May 2010
« Apr   Jun »

E is for Enterprise

We heard the Sermon on the Mount and I knew it was too complex,
It didn’t amount to anything more than what the broken glass reflects.
When you bite off more than you can chew you pay the penalty,
Somebody’s got to tell the tale,
I guess it must be up to me.

Here we go again. Peter (@pmonks) and Laurence (@piewords) are at it again. The current enormously important discussion topic is whether the ‘E’ makes any sense in the term ECM.

I think everyone that matters agrees that Enterprise Content Management defines a problem domain, not a kind of product. I’ve never heard anyone use the term ECMS, and hope that I never do. But Content Management defines a problem domain too, and I don’t like the idea that Content Management is a subset of Enterprise Content Management at all. Or should it be the other way round – ECM is a subset of CM? If either case is true, we need a name for the bit that isn’t identical. How about some set theory to help.

The idea that WCM + ECM = CM is bollocks. I do agree that ECM = WCM + RM + DM + some other things. But what does CM equal? I’m going with Peter here. ECM = CM and the ‘E’ needs to go. If there is a good reason to keep the E, do we also need EDM, ERM and E-EveryThingElse?

In Pie’s blogpost, he lists some important characteristics that form the essense of ECM. However, they all hold true for CM too. They really differentiate between ECM/CM and WCM.

So let’s have a quick look at the word “Enterprise”. Here are some uses:

  • An Enterprise is an organisation. When used in a product name, it normally means stuff that happens behind the firewall. For example, Yammer is an Enterprise Twitter. I’m not sure anyone thinks that ECM is for internal stuff (including partners and suppliers) and CM is for stuff you share with the world. Or do they?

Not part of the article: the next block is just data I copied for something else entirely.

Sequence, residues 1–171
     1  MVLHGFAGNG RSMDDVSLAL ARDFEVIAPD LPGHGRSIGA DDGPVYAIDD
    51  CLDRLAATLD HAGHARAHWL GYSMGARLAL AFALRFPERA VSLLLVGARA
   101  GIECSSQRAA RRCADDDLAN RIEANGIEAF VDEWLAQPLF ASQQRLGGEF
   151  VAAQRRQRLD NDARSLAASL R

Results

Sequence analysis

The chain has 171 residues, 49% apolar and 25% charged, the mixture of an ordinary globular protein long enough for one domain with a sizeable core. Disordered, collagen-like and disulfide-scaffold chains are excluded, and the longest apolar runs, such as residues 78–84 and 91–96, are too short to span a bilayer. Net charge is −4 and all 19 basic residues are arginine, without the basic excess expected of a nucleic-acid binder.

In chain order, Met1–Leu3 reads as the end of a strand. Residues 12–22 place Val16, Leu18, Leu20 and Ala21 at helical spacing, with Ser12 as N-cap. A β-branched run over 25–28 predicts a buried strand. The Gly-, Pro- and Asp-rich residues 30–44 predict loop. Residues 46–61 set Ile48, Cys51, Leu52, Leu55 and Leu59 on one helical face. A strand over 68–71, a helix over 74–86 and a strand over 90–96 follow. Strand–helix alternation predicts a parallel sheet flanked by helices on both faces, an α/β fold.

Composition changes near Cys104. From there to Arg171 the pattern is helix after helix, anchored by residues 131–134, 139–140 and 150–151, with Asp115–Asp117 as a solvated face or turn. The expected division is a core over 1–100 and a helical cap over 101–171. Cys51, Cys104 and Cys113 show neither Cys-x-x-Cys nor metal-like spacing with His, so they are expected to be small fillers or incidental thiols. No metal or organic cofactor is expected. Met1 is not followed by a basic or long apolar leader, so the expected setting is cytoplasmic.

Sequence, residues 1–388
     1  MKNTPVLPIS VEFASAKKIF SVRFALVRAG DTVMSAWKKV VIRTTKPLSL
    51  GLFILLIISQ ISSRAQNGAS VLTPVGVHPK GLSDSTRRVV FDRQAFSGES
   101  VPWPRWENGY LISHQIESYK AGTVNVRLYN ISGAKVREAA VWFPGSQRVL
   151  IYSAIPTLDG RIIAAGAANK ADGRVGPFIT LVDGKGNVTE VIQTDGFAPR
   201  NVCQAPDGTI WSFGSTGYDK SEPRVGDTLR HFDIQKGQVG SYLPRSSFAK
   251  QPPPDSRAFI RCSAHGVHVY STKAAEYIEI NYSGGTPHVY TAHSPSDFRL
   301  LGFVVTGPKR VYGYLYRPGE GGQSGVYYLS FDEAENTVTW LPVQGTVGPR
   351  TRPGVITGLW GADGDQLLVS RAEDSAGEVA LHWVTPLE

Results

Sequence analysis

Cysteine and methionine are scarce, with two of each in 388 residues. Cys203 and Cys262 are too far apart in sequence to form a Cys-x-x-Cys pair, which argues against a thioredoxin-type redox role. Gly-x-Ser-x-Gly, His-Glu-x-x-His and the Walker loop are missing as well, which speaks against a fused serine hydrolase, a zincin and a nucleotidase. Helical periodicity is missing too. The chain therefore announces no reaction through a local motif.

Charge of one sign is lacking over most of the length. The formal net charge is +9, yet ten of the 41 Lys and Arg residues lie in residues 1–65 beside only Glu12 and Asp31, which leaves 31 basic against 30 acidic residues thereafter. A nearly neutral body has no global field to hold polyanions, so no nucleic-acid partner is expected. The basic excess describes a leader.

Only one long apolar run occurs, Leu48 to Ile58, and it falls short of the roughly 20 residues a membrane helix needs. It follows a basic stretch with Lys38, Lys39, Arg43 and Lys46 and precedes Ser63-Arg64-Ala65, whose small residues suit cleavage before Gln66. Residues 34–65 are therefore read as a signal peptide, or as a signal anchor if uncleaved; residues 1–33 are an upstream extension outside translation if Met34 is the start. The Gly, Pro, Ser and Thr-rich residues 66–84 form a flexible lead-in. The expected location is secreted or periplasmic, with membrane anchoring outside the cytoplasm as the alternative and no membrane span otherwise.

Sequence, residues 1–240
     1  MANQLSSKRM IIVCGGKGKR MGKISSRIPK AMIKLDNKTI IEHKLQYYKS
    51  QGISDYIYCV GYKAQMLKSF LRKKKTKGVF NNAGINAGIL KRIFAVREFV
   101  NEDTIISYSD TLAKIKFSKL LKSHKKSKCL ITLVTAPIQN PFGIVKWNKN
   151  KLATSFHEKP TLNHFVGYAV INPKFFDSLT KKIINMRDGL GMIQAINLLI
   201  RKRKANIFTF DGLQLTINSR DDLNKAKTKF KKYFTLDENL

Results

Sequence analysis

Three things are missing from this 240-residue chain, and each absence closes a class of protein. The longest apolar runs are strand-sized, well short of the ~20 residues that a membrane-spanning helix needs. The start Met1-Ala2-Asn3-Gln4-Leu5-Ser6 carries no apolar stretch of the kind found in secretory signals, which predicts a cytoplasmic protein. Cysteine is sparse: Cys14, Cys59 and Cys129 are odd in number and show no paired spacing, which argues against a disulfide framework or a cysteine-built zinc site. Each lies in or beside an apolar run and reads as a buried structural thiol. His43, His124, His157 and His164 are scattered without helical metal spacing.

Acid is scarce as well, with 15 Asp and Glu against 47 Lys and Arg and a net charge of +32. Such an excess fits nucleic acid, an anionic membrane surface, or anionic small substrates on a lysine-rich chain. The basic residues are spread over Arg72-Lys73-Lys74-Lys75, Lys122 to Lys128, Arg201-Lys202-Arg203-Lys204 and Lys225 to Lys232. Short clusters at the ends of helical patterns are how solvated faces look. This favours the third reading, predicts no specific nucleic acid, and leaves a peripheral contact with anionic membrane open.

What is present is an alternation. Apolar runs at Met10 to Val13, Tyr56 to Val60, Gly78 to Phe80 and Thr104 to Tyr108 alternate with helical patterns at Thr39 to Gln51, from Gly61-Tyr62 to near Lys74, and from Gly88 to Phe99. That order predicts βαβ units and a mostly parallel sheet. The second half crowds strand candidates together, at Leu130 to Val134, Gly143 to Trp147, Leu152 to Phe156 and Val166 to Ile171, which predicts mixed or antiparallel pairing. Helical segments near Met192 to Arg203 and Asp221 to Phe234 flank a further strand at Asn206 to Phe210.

• Enterprise License – this usage is similar to the above. It’s an all you can eat for your organisation, that starts expensive and gets worse.
  • Enterprise Architect – I’m not sure what this means exactly. It’s not something I’ve ever wanted on my business card. Technical Architect or Solutions Architect work just fine.
  • Enterprise Java Beans – Now that was a fuck up, wasn’t it? It really just means bulky and complex – the opposite of lean and simple. Ask any of the guys at Vignette who are trying to make core changes to the product. Newer, simpler technologies have bitch-slapped EJB’s all over the place. It feels to me like the E in ECM and the E in EJB are the same thing. It’s the E that makes me scared.

Interesting aside: CMSWatch have recently renamed the Enterprise Tier product category in their report to “Complex Enterprise Platforms”. The use of the word Complex here is particularly intriguiging. In my simple mind, Complex is always a bad thing in a product, even when the problem domain has complex problems. The product’s aim in life should be to hide that complexity from everyone. I wonder if the fact that all of the platforms classified by CMS Watch as complex (Autonomy Interwoven, EMC/Documentum, IBM, Open Text/Vignette, Oracle) are J2E based means anything (Interwoven has Perl and other stuff thrown in too). While we’re on it, 5 of the 6 Upper Tier products are Java too, except for Tridion which is a .NET/Java/COM mashup.

Here is the truth – you’ll only hear the words “Free” and “Enterprise” in the same sentence from an economist, never a CMS salesman. And Enterprises are by their very nature big and slow. The closest thing to an Agile Enterprise that you’re likely to see is Captain James T. Kirk taking a sharp left while evading those pesky Klingons. These days, Enterprise is a mindset which implies Complex. And Complex is Bad. Please, Lord, help me keep things simple and take away that E.

  • Facebook
  • Google Bookmarks
  • Digg
  • LinkedIn
  • StumbleUpon
  • Technorati

761 comments to E is for Enterprise

Leave a Reply




You can use these HTML tags

<a href="" title=""> <abbr title=""> <acronym title=""> <b> <blockquote cite=""> <cite> <code> <del datetime=""> <em> <i> <q cite=""> <strike> <strong>